7. The learned counsel on either side invited our attention to some of the judicial pronouncements, to which a reference could be usefully made before considering the respective contentions of parties made before us. In Miss Sathya Rao v. University of Madras, 1977 (2) MLJ 403, a Division Bench of this Court had an occasion to consider the legality as also the competency of the Syndicate of the University of Madras to prescribe the eligibility qualification to be admitted in to a course of study in the University of Madras, the challenge there being the prescription made of a particular percentage of marks to a candidate, who has undergone a Ten Year Course in what is known as the Indian Certificate of Secondary Education Examination, which is different from the percentage of pass marks fixed for pass or eligibility marks fixed for those who passed secondary School Leaving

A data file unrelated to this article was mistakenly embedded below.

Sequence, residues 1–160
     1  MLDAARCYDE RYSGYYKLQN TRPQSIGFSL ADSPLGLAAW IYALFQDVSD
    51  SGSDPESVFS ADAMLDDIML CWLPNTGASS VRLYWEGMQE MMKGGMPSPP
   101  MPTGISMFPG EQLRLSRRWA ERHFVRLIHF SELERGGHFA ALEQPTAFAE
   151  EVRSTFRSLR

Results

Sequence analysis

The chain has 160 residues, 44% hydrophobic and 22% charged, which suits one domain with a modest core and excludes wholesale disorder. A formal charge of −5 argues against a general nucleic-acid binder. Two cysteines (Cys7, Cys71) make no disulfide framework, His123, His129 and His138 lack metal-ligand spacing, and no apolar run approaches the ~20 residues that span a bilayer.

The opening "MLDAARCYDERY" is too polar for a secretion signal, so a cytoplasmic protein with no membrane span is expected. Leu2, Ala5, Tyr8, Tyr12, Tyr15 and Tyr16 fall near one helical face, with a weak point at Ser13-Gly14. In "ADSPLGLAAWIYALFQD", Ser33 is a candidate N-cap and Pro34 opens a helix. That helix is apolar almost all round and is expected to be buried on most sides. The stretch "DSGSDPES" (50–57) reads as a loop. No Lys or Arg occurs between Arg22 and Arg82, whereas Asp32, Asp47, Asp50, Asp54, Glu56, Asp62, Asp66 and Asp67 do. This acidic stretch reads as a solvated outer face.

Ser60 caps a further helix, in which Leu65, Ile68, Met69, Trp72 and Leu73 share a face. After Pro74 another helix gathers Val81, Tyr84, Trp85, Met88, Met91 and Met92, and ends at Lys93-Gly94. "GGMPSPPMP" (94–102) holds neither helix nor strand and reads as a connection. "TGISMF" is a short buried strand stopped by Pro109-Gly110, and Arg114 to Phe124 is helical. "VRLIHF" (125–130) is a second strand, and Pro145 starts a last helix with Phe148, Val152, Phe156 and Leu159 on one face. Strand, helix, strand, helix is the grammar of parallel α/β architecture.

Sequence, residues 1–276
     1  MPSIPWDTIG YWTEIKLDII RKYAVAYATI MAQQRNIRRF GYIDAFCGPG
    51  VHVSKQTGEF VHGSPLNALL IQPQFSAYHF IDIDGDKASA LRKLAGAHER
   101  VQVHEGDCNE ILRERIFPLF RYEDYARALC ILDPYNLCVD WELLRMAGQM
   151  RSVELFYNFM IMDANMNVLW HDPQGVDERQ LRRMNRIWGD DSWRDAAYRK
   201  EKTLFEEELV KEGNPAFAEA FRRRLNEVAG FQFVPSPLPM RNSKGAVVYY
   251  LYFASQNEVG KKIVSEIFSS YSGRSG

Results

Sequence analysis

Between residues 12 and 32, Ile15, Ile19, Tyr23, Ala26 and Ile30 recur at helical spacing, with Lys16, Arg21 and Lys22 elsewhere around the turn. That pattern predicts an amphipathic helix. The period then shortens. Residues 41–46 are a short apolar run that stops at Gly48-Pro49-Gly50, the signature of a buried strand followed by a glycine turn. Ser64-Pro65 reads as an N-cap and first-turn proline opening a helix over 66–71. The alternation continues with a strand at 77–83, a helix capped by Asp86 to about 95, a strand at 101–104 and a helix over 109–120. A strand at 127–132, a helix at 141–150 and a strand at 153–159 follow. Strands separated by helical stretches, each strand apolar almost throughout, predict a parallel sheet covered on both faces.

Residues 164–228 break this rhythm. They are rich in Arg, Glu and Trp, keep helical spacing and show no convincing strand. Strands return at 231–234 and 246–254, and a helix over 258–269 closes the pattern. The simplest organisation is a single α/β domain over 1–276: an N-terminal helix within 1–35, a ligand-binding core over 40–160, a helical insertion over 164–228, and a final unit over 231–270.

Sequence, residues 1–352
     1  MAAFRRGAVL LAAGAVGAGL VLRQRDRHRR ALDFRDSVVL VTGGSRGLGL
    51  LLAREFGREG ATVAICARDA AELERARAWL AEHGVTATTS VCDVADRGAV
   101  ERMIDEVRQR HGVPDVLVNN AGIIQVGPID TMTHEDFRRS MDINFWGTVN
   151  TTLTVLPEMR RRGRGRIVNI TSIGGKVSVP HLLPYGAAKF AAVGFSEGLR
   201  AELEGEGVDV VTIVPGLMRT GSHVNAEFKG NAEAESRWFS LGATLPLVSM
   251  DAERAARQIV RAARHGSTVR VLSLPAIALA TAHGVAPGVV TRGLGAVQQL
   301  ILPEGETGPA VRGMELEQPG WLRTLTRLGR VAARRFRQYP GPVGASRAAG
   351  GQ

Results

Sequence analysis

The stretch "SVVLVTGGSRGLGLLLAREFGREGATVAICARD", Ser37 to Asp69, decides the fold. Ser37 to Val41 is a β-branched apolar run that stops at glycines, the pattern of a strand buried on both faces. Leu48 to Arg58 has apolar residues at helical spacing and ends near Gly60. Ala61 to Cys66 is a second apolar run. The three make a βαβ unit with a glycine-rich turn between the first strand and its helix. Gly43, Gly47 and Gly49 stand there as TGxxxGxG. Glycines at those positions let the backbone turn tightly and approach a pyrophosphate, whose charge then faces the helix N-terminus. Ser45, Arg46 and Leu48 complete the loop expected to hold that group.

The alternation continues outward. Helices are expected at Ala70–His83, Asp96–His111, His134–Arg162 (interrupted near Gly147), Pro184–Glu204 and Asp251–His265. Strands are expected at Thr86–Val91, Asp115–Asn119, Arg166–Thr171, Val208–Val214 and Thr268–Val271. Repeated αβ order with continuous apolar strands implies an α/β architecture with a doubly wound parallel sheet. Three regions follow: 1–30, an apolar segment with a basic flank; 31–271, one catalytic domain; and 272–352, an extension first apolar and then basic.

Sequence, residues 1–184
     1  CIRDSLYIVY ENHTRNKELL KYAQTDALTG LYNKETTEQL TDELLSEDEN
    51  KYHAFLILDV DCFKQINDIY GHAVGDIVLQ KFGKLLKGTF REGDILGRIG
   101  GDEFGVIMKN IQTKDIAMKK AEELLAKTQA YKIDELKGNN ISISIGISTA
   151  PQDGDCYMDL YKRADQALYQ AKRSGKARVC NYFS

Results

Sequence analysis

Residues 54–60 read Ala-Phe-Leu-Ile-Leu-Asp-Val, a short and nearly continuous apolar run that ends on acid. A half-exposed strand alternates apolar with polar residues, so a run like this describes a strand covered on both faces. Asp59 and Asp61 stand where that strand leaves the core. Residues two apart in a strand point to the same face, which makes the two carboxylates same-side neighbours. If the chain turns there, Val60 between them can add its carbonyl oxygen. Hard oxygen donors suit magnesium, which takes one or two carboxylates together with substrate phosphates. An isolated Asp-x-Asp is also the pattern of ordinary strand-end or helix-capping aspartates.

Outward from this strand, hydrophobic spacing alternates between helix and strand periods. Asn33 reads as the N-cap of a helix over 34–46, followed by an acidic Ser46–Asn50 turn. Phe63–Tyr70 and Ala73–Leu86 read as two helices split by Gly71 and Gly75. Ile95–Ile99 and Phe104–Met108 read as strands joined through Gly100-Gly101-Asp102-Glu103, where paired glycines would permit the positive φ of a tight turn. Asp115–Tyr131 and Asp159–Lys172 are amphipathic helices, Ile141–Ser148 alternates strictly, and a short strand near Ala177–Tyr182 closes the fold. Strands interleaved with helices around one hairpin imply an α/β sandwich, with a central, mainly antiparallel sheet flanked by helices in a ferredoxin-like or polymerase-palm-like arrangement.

Certificate Examination after undergoing an Eleven Year School Course. The Division Bench was of the view that the stipulation could not be said to be extraneous or unconnected, but as a matter of fact, intimately connected with the education policy and, therefore, the same cannot be held to be an unreasonable also.